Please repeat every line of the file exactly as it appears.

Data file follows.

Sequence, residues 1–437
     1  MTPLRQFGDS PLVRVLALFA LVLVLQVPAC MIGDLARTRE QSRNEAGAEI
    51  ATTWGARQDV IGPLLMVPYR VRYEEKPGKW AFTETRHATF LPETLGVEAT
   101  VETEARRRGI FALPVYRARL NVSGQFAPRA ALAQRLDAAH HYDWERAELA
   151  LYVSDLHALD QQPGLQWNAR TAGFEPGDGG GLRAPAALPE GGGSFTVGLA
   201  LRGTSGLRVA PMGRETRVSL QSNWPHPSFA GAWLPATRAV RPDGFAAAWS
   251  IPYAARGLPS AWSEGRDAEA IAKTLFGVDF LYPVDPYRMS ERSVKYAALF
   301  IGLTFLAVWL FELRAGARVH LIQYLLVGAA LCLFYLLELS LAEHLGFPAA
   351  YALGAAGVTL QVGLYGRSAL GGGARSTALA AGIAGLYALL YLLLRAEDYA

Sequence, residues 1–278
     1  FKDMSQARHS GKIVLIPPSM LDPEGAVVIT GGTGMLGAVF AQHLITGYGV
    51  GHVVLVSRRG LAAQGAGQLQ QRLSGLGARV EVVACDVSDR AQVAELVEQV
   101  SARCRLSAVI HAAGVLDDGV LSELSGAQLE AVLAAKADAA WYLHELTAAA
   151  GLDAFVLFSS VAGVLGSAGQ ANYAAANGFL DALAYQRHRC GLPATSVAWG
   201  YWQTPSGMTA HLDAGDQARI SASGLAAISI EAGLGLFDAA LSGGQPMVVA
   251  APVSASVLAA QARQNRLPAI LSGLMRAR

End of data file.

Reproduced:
Sequence, residues 1–437
     1  MTPLRQFGDS PLVRVLALFA LVLVLQVPAC MIGDLARTRE QSRNEAGAEI
    51  ATTWGARQDV IGPLLMVPYR VRYEEKPGKW AFTETRHATF LPETLGVEAT
   101  VETEARRRGI FALPVYRARL NVSGQFAPRA ALAQRLDAAH HYDWERAELA
   151  LYVSDLHALD QQPGLQWNAR TAGFEPGDGG GLRAPAALPE GGGSFTVGLA
   201  LRGTSGLRVA PMGRETRVSL QSNWPHPSFA GAWLPATRAV RPDGFAAAWS
   251  IPYAARGLPS AWSEGRDAEA IAKTLFGVDF LYPVDPYRMS ERSVKYAALF
   301  IGLTFLAVWL FELRAGARVH LIQYLLVGAA LCLFYLLELS LAEHLGFPAA
   351  YALGAAGVTL QVGLYGRSAL GGGARSTALA AGIAGLYALL YLLLRAEDYA

Sequence, residues 1–278
     1  FKDMSQARHS GKIVLIPPSM LDPEGAVVIT GGTGMLGAVF AQHLITGYGV
    51  GHVVLVSRRG LAAQGAGQLQ QRLSGLGARV EVVACDVSDR AQVAELVEQV
   101  SARCRLSAVI HAAGVLDDGV LSELSGAQLE AVLAAKADAA WYLHELTAAA
   151  GLDAFVLFSS VAGVLGSAGQ ANYAAANGFL DALAYQRHRC GLPATSVAWG
   201  YWQTPSGMTA HLDAGDQARI SASGLAAISI EAGLGLFDAA LSGGQPMVVA
   251  APVSASVLAA QARQNRLPAI LSGLMRAR